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For The Pendry hotel and Downtown San Diego, it is all about the millennials.

“We could feel the shift in luxury,” said Michael Fuerstman, co-founder and creative director of The Pendry hotel brand. “We were looking to expand our parent company, Montage Resorts, so we took a step back and looked at the new wave of luxury customer.

“The target age for us is the 30-something guest, one who is exceptionally well traveled,” Fuerstman said. “They have an appreciation for art and architecture, cultural and creative programming, and are looking for something in between a lifestyle hotel and a luxury hotel.”

By 2020, millennials — those born roughly between 1982 and 2004 — will make up more than 50 percent of San Diego’s workforce.

An area adjacent and to the open air rooftop extends the open format and allows for additional lounging. (Photos courtesy The Pendry Hotel)

Unlike baby boomers, millennials don’t necessarily want to own something; they want experiences, where luxury and lifestyle are seamlessly intertwined. As a rule, they consider wealth a very important attribute, enjoy living and working in urban areas, and have become in many ways the prototype for the unprecedented revitalization that is happening in Downtown.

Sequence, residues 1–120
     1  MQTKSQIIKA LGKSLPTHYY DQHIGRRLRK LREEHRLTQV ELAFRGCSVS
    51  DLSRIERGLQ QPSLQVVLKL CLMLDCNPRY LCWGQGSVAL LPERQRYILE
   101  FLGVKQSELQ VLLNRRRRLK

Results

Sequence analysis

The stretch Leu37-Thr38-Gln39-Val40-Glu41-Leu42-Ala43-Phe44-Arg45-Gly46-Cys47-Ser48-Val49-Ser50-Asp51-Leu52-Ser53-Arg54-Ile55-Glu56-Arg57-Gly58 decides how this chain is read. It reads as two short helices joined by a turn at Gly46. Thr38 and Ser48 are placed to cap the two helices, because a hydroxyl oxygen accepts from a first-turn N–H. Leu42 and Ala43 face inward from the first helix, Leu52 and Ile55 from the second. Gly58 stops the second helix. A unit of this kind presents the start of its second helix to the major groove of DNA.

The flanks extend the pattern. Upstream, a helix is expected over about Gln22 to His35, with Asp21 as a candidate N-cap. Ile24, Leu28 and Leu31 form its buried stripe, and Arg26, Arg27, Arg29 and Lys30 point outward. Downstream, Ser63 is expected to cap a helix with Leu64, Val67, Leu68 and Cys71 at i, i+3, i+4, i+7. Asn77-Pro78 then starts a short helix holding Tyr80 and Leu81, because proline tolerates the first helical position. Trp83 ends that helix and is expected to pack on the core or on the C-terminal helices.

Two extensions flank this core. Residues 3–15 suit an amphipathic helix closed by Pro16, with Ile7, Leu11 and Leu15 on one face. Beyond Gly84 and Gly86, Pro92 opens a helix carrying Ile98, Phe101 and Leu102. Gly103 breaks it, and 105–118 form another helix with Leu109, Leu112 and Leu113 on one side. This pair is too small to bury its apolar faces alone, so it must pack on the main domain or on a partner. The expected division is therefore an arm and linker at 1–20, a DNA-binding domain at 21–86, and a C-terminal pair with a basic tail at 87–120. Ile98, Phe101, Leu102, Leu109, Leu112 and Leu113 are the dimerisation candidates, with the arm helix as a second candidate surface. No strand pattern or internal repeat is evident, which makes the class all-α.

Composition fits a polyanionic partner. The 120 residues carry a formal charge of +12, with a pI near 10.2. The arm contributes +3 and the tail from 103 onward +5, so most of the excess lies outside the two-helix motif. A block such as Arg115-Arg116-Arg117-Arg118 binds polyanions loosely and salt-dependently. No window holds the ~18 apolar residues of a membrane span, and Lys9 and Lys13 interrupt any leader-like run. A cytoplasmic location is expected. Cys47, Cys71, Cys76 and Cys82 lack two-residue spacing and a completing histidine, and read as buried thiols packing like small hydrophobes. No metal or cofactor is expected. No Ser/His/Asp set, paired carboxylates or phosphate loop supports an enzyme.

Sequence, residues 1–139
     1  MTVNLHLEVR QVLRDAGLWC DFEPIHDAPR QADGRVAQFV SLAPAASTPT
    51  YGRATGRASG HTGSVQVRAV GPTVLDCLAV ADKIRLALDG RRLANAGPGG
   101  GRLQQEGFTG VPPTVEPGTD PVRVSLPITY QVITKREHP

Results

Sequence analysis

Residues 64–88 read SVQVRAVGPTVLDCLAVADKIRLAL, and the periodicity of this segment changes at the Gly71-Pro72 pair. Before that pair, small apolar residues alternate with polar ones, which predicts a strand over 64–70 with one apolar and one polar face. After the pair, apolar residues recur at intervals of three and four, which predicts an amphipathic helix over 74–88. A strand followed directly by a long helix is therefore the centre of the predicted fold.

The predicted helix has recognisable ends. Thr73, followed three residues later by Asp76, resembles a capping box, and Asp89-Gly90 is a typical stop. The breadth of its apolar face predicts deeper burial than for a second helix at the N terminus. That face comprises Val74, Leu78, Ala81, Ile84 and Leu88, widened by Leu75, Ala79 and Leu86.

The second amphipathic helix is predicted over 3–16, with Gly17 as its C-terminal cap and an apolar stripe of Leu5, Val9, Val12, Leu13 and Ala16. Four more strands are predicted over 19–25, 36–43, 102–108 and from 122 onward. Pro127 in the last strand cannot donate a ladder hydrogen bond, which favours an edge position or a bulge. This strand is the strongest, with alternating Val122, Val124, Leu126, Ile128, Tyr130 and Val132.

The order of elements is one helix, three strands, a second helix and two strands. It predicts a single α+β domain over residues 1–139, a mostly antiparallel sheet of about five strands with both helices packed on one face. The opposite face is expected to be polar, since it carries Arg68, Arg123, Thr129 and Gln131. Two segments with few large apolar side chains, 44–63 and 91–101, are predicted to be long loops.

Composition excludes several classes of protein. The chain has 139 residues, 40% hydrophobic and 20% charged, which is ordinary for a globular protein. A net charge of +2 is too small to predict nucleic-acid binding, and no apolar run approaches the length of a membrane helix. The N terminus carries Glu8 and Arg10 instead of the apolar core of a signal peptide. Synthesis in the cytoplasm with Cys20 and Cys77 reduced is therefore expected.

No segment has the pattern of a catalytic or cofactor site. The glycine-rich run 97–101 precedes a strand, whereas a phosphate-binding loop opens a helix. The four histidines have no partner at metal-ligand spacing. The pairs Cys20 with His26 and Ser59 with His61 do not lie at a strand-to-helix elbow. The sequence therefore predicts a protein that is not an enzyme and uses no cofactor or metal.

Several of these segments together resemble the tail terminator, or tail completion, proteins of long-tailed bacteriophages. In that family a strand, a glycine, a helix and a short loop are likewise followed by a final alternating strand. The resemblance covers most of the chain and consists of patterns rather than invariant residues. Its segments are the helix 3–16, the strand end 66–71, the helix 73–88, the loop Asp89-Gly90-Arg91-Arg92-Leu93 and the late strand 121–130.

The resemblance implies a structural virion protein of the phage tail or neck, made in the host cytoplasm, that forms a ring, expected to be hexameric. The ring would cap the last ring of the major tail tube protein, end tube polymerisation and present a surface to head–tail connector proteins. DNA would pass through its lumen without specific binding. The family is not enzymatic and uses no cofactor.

The Pendry, located at 550 J St., is slated to open its doors this month — January 2017 — and is one of the first of several new residential and commercial projects planned for Downtown. Also in the mix is the millennial-driven WeWork, at 600 B St., a newly opened co-working office space that consists of six floors and 90,000 square feet of a contemporary character.

“Millennials want highly amenitized workplaces, homes, condos and apartments, so on the experience side, The Pendry is probably at the top of what they would want to see, “said Kris Michell, CEO of the Downtown San Diego Partnership (DSDP), the member-based, nonprofit organization that advocates for the economic growth and vitality of San Diego. “The Pendry and Montage Resorts chose San Diego to debut its first lifestyle hotel. This represents a tipping point for us, as it’s illustrative of San Diego’s emergence on the world stage as a cultural influencer.”